TRURO — In the race to get Outer Cape towns’ regulatory board meetings online, Truro is in last place.
Gov. Charlie Baker issued an executive order on March 13 suspending some requirements of the Open Meeting Law as long as provisions to ensure public access to the deliberations of public bodies were made “through adequate, alternative means.”
As of Monday, Truro had yet to set up a way to view and participate in virtual meetings efficiently. Provincetown, Wellfleet, and Eastham all had such systems up and running since last week.
“If it seems like we are behind the curve,” said Town Manager Rae Ann Palmer, “it’s probably because we are.”
Truro has been holding regulatory meetings via telephone conference calls that are not open to the public. Residents can listen to the audio on the town website after the meeting is over.
The town experimented with the video conference platform GoToMeeting for the board of health meeting Friday, which was broadcast live on Truro cable Channel 18.
Only Truro residents with cable service have access to that channel.
Those who have questions during a meeting have been told to email them to Palmer.
A significant impediment to holding live online meetings, said Palmer, is broadband connectivity.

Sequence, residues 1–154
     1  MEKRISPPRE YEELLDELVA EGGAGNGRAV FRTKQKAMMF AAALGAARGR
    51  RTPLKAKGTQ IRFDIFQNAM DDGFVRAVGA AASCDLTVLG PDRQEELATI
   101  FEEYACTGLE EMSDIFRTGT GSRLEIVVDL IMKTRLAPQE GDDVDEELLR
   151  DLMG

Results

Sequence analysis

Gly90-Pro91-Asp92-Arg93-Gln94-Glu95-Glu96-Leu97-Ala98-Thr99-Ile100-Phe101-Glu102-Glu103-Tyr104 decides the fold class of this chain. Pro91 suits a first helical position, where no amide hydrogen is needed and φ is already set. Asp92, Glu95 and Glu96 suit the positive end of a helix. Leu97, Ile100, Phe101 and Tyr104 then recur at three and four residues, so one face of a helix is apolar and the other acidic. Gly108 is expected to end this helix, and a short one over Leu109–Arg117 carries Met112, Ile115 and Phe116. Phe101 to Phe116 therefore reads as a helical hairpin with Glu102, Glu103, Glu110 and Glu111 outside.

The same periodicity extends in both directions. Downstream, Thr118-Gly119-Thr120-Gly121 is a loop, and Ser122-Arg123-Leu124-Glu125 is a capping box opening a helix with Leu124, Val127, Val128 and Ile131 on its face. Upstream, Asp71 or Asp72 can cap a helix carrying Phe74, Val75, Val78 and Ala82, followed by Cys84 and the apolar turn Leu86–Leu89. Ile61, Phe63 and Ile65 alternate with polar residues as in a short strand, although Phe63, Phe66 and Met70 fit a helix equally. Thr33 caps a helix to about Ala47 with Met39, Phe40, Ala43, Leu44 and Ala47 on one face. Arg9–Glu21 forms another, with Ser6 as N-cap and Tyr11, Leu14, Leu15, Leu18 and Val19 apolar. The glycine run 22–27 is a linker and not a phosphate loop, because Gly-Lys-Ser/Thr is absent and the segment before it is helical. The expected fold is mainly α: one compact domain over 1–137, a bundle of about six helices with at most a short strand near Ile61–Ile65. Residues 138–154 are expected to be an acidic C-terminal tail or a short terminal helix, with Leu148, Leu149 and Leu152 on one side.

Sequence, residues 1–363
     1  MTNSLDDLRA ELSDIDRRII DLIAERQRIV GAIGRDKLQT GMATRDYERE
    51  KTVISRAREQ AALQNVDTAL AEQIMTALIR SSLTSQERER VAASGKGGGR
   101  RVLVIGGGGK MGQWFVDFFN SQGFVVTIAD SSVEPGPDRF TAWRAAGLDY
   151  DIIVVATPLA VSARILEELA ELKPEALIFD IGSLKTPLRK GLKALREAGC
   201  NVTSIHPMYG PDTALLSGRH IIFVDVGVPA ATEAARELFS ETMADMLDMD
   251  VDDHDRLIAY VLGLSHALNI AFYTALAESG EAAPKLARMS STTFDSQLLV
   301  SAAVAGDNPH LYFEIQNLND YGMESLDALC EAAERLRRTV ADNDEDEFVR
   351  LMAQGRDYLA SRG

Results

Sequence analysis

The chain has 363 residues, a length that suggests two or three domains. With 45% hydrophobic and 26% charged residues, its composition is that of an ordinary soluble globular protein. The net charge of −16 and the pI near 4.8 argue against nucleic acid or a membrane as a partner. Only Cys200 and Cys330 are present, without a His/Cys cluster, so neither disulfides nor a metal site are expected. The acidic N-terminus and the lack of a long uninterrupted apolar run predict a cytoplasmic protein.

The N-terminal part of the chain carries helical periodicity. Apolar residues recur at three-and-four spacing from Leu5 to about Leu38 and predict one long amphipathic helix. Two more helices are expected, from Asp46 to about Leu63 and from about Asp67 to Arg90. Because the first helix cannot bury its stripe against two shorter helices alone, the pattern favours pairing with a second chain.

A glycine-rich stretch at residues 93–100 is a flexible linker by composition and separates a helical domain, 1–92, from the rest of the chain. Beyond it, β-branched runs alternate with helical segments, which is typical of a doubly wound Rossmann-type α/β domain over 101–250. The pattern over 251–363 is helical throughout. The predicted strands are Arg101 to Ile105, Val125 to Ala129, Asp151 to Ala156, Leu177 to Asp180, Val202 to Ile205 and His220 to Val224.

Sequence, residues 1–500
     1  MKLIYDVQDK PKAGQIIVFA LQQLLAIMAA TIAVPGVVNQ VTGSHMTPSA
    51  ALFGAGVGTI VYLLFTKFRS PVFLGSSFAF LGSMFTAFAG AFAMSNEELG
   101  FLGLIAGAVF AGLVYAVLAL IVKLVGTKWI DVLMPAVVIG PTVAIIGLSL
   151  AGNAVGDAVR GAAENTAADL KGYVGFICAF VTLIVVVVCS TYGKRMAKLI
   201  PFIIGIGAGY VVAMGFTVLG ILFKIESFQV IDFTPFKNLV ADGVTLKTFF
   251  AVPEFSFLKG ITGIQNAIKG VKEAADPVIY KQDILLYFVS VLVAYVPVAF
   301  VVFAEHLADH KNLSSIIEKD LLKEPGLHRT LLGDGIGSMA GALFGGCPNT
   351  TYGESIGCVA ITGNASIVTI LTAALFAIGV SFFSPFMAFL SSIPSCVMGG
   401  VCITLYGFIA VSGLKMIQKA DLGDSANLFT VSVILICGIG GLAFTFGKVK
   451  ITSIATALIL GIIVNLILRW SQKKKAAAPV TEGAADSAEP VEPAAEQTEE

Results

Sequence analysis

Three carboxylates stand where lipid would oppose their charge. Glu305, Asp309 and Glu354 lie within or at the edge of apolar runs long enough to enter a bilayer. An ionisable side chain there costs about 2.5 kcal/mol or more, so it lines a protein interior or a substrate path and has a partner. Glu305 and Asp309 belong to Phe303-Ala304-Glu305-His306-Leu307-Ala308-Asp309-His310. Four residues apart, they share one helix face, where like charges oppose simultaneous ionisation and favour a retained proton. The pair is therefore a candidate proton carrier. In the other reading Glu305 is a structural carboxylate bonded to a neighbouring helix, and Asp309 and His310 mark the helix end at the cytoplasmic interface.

“There are many committee members who have limited access to the internet, not just select board members,” she said.
Stephanie Rein, a select board member who has said her home internet connection is poor, admitted she could solve the problem by driving to a public place with wi-fi.
“Would I conduct a select board meeting from my car in the library parking lot?” Rein said. “Yeah, I guess I would if I needed to.”
Provincetown, Wellfleet, and Eastham have all set up live broadcasts for regulatory meetings that people can view and participate in from anywhere via calling in or video chat.
Provincetown and Eastham are streaming their meetings live on their websites with a phone number viewers can call to ask questions.
Wellfleet is holding its meetings via Zoom video conference and allowing viewers to enter the conference and participate.
“We are missing a piece of equipment for our broadcast booth that will allow us to turn on live stream on our website,” said Palmer. “It is ordered, and we will get it set up as soon as it comes in.”
Palmer said the missing piece of equipment was “a TRMS live streamer server.” She would not allow a reporter to speak to the town’s technology manager for additional information.
“Truro has long had a no remote participation policy,” Palmer said. “We have a lot of residents who don’t have the internet at their home, and the select board thought it wasn’t fair to live broadcast when not everyone had access to it.”
Correction: An earlier version of this article incorrectly reported that Town Manager Rae Ann Palmer refused to say what the missing piece of broadcast equipment was. The Independent regrets the error.